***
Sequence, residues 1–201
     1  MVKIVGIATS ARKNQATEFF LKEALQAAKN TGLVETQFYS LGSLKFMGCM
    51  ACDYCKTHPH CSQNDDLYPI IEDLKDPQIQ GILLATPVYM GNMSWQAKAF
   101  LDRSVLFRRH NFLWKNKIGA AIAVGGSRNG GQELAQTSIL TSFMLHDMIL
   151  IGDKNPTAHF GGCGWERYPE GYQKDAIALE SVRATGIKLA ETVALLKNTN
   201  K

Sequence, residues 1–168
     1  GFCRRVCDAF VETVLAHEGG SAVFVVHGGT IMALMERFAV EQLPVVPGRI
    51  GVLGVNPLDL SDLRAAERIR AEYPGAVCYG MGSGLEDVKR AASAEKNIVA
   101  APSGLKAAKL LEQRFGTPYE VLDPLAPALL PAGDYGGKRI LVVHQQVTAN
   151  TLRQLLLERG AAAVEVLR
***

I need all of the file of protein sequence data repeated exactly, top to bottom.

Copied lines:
Sequence, residues 1–201
     1  MVKIVGIATS ARKNQATEFF LKEALQAAKN TGLVETQFYS LGSLKFMGCM
    51  ACDYCKTHPH CSQNDDLYPI IEDLKDPQIQ GILLATPVYM GNMSWQAKAF
   101  LDRSVLFRRH NFLWKNKIGA AIAVGGSRNG GQELAQTSIL TSFMLHDMIL
   151  IGDKNPTAHF GGCGWERYPE GYQKDAIALE SVRATGIKLA ETVALLKNTN
   201  K

Sequence, residues 1–168
     1  GFCRRVCDAF VETVLAHEGG SAVFVVHGGT IMALMERFAV EQLPVVPGRI
    51  GVLGVNPLDL SDLRAAERIR AEYPGAVCYG MGSGLEDVKR AASAEKNIVA
   101  APSGLKAAKL LEQRFGTPYE VLDPLAPALL PAGDYGGKRI LVVHQQVTAN
   151  TLRQLLLERG AAAVEVLR